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WVNCC Gets National Affordability Ranking

Posted 08/08/17

The federal government once again has rated West Virginia Northern Community College as one of the most affordable colleges in America. WVNCC’s net price is the lower of the pair of two-year institutions from the state that earned spots on the 2017 list.

As has occurred several times previously, WVNCC made the national College Affordability and Transparency Center list compiled by theIntegrated Postsecondary Education Data System used by the U.S. Department of Education. Northern’s ranking was on the list of public, two-year institutions of higher learning with the lowest net prices. A total of 92 institutions from throughout the U.S. were listed. The 2017 list was announced June 30.

The other West Virginia two-year college on the lowest list is Eastern West Virginia Community and Technical College in Moorefield.

Northern’s president, Dr. Vicki L. Riley, said, “Being able to earn a quality education at a very affordable cost has been a major goal at WVNCC from the beginning. Although this has become increasingly challenging, our Board of Governors and administration continue to find ways to keep costs as low as possible. That the federal government continues to measure Northern as one of the most affordable in the country is testament to that diligence.”

Institutions with the highest tuition and highest net price and those with the lowest tuition and lowest net price are detailed on the 2017 list. WVNCC ranked as number 71, with a net price of $3,887, on the list of 92 institutions with the lowest net prices. The new list ranked Eastern at number 82 with a net price of $4,001. These numbers compare to the 2017 national average of a $7,314 net price.

Janet Fike, vice president of student services at Northern, said, “That Northern has been cited as most affordable for five years shows that our institution has been highly consistent in maintaining and strengthening the processes that help our students with financial aid, grants and scholarships. The staff should be saluted for its hard work in this area.”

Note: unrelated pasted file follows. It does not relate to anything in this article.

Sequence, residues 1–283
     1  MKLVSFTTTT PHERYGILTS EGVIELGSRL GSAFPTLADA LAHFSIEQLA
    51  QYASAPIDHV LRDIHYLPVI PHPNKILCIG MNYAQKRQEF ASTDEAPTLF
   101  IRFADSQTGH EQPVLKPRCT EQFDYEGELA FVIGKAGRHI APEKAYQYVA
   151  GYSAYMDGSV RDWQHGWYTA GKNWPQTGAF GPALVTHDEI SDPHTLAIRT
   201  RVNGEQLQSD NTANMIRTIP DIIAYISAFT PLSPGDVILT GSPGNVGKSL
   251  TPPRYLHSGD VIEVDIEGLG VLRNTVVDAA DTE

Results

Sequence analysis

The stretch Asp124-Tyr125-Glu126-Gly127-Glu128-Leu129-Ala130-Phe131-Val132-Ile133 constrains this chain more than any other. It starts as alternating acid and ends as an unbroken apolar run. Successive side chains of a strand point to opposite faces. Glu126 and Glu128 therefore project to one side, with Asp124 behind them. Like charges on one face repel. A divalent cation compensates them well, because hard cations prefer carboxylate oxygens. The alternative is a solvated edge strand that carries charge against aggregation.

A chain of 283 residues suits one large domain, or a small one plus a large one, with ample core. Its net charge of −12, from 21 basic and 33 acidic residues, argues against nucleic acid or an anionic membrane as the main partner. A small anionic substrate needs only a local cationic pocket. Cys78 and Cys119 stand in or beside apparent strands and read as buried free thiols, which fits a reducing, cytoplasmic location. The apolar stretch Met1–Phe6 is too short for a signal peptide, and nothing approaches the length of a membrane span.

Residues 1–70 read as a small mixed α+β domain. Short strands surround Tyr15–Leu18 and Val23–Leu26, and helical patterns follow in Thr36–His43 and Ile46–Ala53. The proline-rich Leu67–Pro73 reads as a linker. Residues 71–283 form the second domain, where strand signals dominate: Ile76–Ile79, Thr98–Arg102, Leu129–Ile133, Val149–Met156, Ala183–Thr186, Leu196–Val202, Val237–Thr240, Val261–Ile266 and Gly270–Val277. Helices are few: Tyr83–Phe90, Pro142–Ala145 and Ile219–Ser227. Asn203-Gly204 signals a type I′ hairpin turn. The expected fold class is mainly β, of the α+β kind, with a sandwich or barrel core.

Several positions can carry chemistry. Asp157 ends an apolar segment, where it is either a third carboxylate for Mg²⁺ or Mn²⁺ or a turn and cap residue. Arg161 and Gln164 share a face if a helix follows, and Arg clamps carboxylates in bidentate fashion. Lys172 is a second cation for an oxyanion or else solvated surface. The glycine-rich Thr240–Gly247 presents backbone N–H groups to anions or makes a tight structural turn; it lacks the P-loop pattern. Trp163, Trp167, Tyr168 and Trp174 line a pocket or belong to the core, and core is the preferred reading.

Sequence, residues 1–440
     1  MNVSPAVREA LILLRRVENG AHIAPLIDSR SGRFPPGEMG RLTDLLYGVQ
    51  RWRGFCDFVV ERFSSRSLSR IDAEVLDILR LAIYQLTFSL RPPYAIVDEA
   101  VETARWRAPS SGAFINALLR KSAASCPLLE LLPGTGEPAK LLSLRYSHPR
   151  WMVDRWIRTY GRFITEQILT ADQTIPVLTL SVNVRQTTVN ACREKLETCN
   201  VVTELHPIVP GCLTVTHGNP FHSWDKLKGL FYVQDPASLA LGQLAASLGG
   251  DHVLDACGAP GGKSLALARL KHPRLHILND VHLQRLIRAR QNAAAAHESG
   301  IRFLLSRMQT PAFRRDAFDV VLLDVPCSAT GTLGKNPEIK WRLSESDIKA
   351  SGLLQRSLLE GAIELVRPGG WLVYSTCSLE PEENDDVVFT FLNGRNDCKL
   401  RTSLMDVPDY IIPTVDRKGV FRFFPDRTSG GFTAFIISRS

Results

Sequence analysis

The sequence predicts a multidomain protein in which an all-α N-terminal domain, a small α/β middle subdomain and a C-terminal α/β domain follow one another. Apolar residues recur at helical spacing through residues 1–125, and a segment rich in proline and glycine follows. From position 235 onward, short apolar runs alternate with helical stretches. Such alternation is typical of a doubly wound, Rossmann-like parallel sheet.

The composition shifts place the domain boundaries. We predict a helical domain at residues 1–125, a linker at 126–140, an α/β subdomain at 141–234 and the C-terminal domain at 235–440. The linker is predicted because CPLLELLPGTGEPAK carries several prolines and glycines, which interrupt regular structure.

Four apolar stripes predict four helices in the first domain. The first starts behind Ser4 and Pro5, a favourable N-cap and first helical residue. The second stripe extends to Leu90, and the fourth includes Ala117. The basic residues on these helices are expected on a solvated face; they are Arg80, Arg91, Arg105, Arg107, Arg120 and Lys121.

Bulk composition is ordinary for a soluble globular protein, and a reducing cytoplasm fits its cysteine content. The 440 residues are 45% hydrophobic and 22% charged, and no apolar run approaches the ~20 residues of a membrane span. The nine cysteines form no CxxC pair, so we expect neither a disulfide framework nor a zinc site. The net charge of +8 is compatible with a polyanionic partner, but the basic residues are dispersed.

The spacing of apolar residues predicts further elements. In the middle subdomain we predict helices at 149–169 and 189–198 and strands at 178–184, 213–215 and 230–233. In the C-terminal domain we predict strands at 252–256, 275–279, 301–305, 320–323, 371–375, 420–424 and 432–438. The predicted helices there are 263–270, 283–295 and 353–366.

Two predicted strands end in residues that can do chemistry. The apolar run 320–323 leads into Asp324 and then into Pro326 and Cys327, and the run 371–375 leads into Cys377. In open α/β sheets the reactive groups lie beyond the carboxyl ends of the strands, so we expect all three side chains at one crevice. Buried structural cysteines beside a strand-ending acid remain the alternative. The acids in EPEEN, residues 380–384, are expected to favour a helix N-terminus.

The lists are created, Fike said, with the following criteria: Average net price is generated by subtracting the average amount of federal, state/local government or institutional grant or scholarship aid from the total cost of attendance. Total cost of attendance is the sum of published tuition and required fees (lower of in-district or in-state, where applicable), books and supplies, and the weighted average for room and board and other expenses. Average net price is for full-time beginning undergraduate students who received grant or scholarship aid from federal, state or local governments, or the institution. Tuition includes the tuition and required fees as reported to IPEDS by the institution and net prices includes the cost of attendance minus grant and scholarship aid as reported to and calculated by IPEDS. Fike said the lists that show the highest are the top 5 percent while the lists for the lowest are the bottom 10 percent.

The Higher Education Opportunity Act of 2008 called for the College Affordability and Transparency Lists to be created by July 1 of 2012. Under the requirements, six lists were created. Three lists focus on tuition and fees, and three others look at the institution’s “average net price.” Each list was broken out into nine different sectors to allow students to compare costs at similar types of institutions.